Article (November-2020)


Leadership must embody optimism

Dr. Sujaya Banerjee

Designation : -   CEO

Organization : -  Capstone People Consulting, Mumbai


10156 Total View        

The Corona virus has impacted lives and livelihoods across the world, infected and killed millions, and clearly been emblematic of an Era that is marked with disruptions.

While this is clearly a black-swan event, we cannot say it is not an extension of a decade of disruptions, marked by geo political unrest, disruptive technologies and innovations - following the Global financial crisis in 2008 that changed our world!

But we survived that black swan and we will survive this one too-except this requires businesses the world over to learn the 'New Business Unusual', which involves delivering Business results in the middle of a Global pandemic.

This brings us to what kind of leadership mindsets do we need to survive these unprecedented times? These times are such equalizers- No Leadership no matter how senior and seasoned have dealt with business, productivity and performance in an all pervasive global pandemic before?

Needless to say, beyond the initial confusions of mobilising their workforce- getting people and technology to work- the challenges of being productive from remote working has been one of the biggest challenges for organizations. In fact this transition to 'Work from Home' has easily been the biggest change agenda managed globally -across countries. Even as supply chains broke down, there was a race to retain both customers and employees -and both needed to be kept engaged, even as many industries struggled with the exit of migrant and other workers into the unforeseeable future.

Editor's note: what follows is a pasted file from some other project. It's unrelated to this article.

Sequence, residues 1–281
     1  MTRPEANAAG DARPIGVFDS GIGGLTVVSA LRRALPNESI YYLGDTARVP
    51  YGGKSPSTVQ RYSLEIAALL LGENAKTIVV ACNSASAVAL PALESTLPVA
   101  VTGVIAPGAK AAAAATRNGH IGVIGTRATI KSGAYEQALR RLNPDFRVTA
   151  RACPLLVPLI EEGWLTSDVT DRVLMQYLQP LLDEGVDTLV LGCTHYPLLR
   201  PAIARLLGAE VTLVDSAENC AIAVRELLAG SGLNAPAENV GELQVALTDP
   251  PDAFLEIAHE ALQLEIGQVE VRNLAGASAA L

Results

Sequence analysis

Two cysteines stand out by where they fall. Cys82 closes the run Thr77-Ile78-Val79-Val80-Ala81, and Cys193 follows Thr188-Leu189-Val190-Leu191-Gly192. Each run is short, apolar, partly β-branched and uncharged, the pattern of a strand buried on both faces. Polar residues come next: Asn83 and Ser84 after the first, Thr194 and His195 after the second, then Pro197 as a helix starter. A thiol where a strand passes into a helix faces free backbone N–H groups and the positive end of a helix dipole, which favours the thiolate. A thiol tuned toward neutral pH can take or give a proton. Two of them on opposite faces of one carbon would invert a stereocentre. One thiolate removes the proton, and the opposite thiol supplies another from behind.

Lock downs further made mobility of goods and services restrictive slowing down the entire rescue operations to survive. Having said that, let us explore what leadership mindsets can be most pertinent in times of unrelenting crisis such as this?

Leaders in the new economy need to leverage pedagogy of learning that is personal, intimate and allows the leader to draw from past experiences of adversity. This cannot be gleaned from text books or peer points. It needs to involve a unique connecting of dots, drawing from vast reservoirs of intimate experiences and the agreement to show vulnerability and learn from others.

  • Contextual intelligence to interpret the context astutely.
  • Moral Intelligence to do people right by demonstrating human-centricity in leadership and upholding the espoused values of the organization especially in difficult times.
  • Transformative intelligence to become the credible evangelist and role model for change and agility and to challenge the status quo.
  • Technological Intelligence to leverage technology and build savviness to use technology to come closer to both the customer and to talent.

To read the full article, subscribe now!